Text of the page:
5. Organize campaigns to avoid duplication, confusion, mixed messages and diffusion of effort

Marketing campaigns are designed to be the wind beneath the wings of the retail workforce.  They typically support the battle cry and goal focus described above and offer a call-to-action for both customers and employees.  Unfortunately, some campaigns are way too long, well beyond the market or workforce focus ability.  In other cases multiple campaigns are launched, competing with each other for brain share and shelf space.  A disciplined approach to campaign management that is fully coordinated throughout the network is important to maximize marketing dollar effectiveness without overwhelming the staff.

6. Simplify reporting and increase its frequency

We produce too many reports that contain un-actionable information or too much data without analysis and highlights to explain what the data tells us.  Branch managers should work with the Retail Management to reduce the number of reports shared with them and their staff.  Reports that are shared should be simple, actionable and analyzed so the reader can quickly understand the message buried in the data.  Also, important reports should be produced daily or weekly to create a sense of urgency; monthly information lacks that bias for action.

7. Preapprove credits

Branch staff is expected to sell customers products and services they need.  Knowing in advance which credit products the customer before you qualifies for is a huge advantage in the sales process, and should be offered whenever possible to the retail staff in the branches.  It can be expensive if it doesn’t yield enough sales, but it’s an important tool that can be managed effectively to improve customer experience and salesforce performance. 

8. Give managers incentives to help their staff individually meet their goals

Branch managers often concentrate their management resources on a couple of stars within their branch who can lead the entire group to goal achievement and success.  Every branch manager should have a personal stake in the success of all their staff.  That can be built into their incentive program through a positive spiff (for example, a 10% extra bonus) when most of the staff achieves or exceeds their goals – operational, sales etc.  Such incentives will encourage the manager to carefully select, on-board and coach their staff for maximum effectiveness.

9. Match branch managers with branch opportunity

Not all branch managers were created equal, and not all branches present the best opportunity.  Matching your best managers with the best opportunity is good discipline that will likely improve your results.

10. Clarify the customer experience associated with your brand

Develop crystal clear expectations of branch staff as they handle customers to yield the experience you’re looking for.  We all lay claim to world-class service; how do we differentiate that service in the 1:1, in-person contacts that occur in the branch?  Your typical mystery shop questions (Did you stand up? Did you look them in the eye? Did you use their name twice? Did you mention another product? Did you thank them for their business? Did you ask if there is anything else you can do for them?) do not support differentiation, since most of us ask the very same questions.  Aim for the feelings you want to evoke in your customers and ask them how they feel post-transaction or advisory session.  Spell it out for your own team so they are clear what is the customer experience you’s like to see.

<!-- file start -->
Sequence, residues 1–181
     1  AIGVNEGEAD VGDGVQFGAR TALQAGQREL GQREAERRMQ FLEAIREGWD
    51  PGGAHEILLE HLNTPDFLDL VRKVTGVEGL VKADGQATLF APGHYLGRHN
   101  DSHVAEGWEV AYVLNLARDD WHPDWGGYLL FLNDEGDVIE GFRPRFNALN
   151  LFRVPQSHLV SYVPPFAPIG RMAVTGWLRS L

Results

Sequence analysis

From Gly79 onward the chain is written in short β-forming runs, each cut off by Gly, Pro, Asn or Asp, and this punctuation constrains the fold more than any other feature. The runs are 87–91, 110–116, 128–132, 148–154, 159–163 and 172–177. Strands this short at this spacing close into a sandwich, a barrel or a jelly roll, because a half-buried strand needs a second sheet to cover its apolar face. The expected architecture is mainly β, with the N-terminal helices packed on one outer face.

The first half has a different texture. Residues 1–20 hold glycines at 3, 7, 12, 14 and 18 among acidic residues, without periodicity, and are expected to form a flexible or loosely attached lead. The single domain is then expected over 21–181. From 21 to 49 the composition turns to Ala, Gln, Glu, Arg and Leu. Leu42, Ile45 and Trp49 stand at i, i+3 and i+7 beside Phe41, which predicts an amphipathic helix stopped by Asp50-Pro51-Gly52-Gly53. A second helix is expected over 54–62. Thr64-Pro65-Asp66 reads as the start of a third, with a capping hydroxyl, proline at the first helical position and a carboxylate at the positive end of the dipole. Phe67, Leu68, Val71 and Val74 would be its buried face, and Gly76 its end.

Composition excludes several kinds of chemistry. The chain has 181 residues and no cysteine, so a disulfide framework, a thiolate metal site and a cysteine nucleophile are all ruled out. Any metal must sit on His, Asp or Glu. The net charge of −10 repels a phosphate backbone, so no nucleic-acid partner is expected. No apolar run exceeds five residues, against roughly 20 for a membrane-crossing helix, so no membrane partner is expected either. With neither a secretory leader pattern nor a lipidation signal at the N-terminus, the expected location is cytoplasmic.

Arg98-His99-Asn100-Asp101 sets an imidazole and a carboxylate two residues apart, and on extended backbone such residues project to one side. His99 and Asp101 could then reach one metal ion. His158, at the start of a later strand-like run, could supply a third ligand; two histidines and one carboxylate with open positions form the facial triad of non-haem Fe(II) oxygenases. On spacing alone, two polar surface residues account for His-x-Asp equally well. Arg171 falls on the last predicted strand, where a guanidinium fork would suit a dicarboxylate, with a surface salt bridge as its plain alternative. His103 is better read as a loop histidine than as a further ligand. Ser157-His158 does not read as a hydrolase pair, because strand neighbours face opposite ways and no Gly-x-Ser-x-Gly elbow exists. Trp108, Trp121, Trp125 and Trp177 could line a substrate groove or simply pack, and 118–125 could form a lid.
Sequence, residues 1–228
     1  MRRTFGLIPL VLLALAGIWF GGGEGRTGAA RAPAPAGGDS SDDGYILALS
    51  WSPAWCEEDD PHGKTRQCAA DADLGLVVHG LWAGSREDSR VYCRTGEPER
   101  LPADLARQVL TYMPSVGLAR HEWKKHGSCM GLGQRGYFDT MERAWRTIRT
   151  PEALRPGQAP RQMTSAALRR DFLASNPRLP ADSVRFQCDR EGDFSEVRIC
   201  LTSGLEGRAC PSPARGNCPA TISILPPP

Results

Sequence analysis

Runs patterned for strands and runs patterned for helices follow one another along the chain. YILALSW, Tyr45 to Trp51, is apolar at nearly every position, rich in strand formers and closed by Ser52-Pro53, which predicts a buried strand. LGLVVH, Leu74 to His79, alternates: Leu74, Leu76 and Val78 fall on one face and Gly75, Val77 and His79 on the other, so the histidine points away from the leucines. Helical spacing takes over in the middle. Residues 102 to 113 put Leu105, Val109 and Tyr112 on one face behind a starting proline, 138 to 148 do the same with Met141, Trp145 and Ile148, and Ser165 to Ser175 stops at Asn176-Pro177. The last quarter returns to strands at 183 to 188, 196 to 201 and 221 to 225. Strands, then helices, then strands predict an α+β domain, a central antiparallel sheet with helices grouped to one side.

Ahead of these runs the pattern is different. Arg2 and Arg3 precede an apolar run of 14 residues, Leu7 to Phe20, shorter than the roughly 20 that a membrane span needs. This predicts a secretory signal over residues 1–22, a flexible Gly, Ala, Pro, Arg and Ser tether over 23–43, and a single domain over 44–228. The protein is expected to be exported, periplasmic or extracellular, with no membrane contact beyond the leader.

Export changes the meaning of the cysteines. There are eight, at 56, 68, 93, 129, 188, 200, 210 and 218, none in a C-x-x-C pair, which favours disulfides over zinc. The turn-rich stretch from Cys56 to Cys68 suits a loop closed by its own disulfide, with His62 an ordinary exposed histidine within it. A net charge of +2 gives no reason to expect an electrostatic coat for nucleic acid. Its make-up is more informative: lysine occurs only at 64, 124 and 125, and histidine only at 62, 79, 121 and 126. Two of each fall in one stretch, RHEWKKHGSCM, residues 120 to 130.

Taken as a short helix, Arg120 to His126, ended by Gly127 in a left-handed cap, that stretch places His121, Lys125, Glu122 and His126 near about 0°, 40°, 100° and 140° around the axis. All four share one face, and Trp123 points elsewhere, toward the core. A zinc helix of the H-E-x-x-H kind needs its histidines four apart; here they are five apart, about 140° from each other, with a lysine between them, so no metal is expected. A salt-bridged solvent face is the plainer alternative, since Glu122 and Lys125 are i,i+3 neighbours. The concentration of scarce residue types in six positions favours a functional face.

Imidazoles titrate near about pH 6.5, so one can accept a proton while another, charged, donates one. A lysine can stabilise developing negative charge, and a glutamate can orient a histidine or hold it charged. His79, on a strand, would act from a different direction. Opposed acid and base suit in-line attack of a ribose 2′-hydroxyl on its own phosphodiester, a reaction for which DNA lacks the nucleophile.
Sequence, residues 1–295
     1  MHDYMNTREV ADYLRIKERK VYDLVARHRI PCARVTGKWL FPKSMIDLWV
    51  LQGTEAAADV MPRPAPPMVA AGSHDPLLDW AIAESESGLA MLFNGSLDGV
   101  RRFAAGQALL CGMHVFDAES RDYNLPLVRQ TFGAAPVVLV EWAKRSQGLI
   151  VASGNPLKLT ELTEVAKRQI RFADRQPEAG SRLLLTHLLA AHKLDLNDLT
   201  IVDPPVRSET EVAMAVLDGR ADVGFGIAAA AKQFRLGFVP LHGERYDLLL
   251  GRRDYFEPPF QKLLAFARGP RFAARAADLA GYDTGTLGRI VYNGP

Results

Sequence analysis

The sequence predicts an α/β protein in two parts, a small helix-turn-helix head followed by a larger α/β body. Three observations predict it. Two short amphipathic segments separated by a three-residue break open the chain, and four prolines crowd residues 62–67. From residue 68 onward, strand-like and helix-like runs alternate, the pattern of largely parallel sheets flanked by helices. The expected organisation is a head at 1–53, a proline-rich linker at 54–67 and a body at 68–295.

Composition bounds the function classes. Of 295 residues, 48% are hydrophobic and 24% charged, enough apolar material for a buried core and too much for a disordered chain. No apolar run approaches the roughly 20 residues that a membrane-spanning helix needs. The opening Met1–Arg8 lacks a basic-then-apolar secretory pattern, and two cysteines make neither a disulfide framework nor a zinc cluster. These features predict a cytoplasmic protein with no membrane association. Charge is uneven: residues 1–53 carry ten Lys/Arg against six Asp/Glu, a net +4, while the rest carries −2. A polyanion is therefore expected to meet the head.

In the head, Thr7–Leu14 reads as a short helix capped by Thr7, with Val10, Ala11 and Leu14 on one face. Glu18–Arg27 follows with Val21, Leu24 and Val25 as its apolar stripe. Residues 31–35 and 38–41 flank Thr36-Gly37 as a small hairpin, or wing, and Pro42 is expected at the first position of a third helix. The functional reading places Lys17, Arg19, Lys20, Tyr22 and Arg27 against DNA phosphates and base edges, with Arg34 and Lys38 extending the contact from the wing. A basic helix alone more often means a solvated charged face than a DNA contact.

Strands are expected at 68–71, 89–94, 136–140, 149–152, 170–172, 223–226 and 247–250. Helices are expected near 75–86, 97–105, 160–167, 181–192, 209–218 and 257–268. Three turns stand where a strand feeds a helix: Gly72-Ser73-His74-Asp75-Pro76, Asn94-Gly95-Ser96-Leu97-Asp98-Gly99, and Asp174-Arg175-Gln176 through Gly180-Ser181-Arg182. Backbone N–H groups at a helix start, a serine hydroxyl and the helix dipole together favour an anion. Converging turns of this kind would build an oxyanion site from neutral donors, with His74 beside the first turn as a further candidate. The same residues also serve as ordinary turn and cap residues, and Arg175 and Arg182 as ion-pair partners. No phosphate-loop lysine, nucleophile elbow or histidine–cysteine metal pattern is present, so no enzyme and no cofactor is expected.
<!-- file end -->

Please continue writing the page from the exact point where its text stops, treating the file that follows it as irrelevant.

11. Run it like you own it

Ultimately your branch manager is a small business owner.  They run a bank and contract services from your centralized units.  They have customers, staff, physical plant and inventory of money.  Yet, most branch managers do not have the necessary financial information to fully understand the ramifications of their decisions regarding staffing and sales.  If you want your managers to be owner-operators, give them the balance sheet and income statement associated with their business.  Highlight the controllable costs and revenue sources they have, with the different dollar impacts of various products and services.  Coach them on managing the mix of employees and customers ethically and effectively so they have the very best opportunity to succeed.

There are many more ideas on improving the daily life of your branch managers and their staff.  It’s an important goal, especially because these are your primary brand ambassadors among retail customers.  Remind yourself of the heavy burden they carry.  There are many ways they can get fired, but not so many reasons to give them accolades and celebrate their success.  Their job requires both right bran and left brain competencies, typically with significant downsides and limited upside.  Remind yourself of their multiple, often conflicting goals, ranging from sales and efficiency to compliance and customer care.  Give them the tools they need to get the job done, the incentives to direct them where you’d like for them to excel, and, most importantly, the clarity of success.